Basque is the oldest known spoken language of Western Europe that is not descended from Indo-European. Despite efforts to stop its use from external influences, the Basque people have shown resiliency throughout their history to keep the language alive. However, as is the case with all other languages, Basque has not been immune to influence from neighboring languages; indeed all Basque speakers are bilingual. The question explored here is whether a word’s concreteness using machine translation from Basque to English and English concreteness scores determines if an original Basque word is spoken today. We find that there is a significant difference of concreteness scores between old and contemporary Basque. We also compared old Basque words with common contemporary Basque words in a semantic vector space and found the old words to cluster more tightly than contemporary words suggesting that words with similar semantic vectors are able to retain usage through time.

About the Author

Casey Kennington, Ph.D.

Though not Basque himself, Casey Kennington grew up on a dairy farm in rural Ontario, Oregon, U.S.A., where he first heard the word "Basque" and and met many Basques, including a high school teacher who helped him foster a love for computers. During his university studies, he spent extended amounts of time in Japan, France, and Germany, learning the languages of each country. Since 2016, Casey has been a faculty member of the Department of Computer Science at Boise State University, focusing his research on dialogue systems and natural language processing. His love of languages led him to learn about the Basque language, and, despite being a busy professor, take two semesters of Basque in 2021-2022 at Boise State University. While attending a conference in the Basque Country in 2023, he more deeply understood how unique the Basque people are and why their language is worth learning and preserving.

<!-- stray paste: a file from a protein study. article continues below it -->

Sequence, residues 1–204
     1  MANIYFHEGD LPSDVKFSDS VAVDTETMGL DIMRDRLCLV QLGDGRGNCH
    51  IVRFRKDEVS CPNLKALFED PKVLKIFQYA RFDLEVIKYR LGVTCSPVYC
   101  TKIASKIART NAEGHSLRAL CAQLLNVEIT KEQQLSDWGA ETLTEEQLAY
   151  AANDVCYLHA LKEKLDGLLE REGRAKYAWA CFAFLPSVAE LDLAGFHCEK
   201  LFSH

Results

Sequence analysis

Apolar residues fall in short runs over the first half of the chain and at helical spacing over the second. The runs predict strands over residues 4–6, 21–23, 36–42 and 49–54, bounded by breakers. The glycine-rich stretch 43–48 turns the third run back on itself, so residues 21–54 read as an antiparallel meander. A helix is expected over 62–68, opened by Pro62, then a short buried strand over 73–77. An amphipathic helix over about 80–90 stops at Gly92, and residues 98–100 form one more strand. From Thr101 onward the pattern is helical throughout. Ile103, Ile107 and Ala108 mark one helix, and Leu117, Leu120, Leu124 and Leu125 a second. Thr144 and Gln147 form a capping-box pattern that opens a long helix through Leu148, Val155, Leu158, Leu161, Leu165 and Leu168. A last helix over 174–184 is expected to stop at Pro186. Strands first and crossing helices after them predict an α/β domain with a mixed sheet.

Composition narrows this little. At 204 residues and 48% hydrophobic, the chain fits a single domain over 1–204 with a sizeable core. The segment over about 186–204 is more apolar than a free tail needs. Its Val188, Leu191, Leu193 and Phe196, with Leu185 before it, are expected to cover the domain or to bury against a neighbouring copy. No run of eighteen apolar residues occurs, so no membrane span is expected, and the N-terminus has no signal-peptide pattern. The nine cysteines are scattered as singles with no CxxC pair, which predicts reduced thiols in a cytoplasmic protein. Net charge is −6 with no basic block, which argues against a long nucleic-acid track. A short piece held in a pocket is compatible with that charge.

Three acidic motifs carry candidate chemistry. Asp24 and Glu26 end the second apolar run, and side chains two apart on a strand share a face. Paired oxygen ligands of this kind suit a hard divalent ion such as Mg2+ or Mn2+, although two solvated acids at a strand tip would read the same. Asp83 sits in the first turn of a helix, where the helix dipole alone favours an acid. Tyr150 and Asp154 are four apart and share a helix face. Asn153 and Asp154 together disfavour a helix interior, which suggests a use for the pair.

• Ph.D. - Linguistics - Bielefeld University, Germany, 2016
  • MS - Cognitive Science - Nancy, France, 2011
  • MS - Computational Linguistics - Saarbrücken, Germany, 2011
  • BS - Computer Science - Brigham Young University, 2007

ORCID: https://orcid.org/0000-0001-6654-8966